Mathematician Joseph Gerver is the current mathematician whose sofa holds the record for the largest area. His sofa is actually quite similar when compared to Hammersley’s sofa as the both share the same Shepard piano shape, however Gerver optimized his sofa using set theory, system of equations, and differential equations to determine the absolute maximum area that could fit around the corner.



Figure 11:  Labeled Gerver sofa (J. Gerver)


Remarkably, Gerver’s sofa is bounded by 18 different curves. Parts V, XIII, and XVIII are straight segments. Parts I, VI, XI, XVII are circular arcs of radius h. Parts II, III, VII, XI, XV, and XVI are involutes of circles and V and XIV are involutes of involutes of circles. Involutes, sometimes called evolvents, are curves produced using another given curve via connection of an imaginary taut wire to the given curve and tracing its free end as it is coiled onto the given curve.



Figure 12:  Example of an involute (Wikipedia)


Gerver’s sofa negotiates the corner in the moving sofa problem differently than other sofas, such as Hammersley’s. As Gerver’s sofa negotiates the curve from 0 to \pi/2, it does so in a number of steps:

  1. In the first stage of rotation, Gerver’s sofa touches the hallway L in parts XII and XVII. It continues to move horizontally until it reaches the hallway L or part VII of the sofa. Then hits point \odot G.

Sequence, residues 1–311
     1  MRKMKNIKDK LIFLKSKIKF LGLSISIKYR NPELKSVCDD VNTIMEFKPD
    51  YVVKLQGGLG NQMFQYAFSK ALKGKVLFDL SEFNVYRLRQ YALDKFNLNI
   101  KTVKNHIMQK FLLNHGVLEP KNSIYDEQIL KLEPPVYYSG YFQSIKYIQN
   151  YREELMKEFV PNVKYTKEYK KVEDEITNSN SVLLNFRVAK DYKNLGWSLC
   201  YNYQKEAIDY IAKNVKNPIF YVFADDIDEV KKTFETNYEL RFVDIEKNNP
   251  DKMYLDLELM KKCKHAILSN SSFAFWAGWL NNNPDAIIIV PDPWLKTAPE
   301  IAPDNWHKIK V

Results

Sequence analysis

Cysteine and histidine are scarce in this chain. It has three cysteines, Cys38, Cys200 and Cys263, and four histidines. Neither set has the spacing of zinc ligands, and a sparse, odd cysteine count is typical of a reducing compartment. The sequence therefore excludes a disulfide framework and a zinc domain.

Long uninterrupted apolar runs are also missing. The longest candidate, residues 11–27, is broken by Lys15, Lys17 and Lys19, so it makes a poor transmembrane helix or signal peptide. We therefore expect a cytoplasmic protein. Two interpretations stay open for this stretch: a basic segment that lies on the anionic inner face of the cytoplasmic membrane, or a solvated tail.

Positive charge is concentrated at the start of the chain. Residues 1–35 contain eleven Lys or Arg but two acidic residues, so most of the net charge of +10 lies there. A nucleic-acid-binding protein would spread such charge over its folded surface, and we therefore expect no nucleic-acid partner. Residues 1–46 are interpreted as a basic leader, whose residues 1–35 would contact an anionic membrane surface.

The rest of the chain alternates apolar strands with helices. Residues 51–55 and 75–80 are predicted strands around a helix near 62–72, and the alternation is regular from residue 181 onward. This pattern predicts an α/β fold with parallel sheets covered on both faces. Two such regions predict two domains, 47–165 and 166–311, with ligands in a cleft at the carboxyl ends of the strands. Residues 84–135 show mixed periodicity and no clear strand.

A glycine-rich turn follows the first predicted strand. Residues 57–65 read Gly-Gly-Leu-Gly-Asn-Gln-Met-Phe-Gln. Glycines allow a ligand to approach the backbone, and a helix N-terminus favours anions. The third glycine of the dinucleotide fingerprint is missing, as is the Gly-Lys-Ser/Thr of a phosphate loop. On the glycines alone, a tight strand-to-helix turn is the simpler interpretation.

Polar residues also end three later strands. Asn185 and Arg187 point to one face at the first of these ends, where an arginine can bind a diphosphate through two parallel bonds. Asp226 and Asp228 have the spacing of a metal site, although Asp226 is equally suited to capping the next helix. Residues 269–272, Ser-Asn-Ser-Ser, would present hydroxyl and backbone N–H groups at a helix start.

2. In the second stage the sofa touches the hallway along four different parts of the sofa XI, VIII, IV, and XVI, and then hits \odot G'
  3. In the third stage the sofa comes into contact with hallway L at parts X, V, IX, and III and then complete stages two and one in reverse respectively.

Now that we have discussed its movement lets calculate its area. Gerver in his paper generates a system of equations which he derives by attempting to locally optimize the shape of the sofa. The derivation of these equations is quite tedious and difficult to follow, however Gerver produces four equations which are in terms of constant A, B, \phi, and \theta. These equations allow us to determine the values of the terms which determine the local optimalities of the curves of which the sofa is constructed. While studying Gerver’s sofa, we will use his notation to avoid confusion between his notation and the notation used in this post: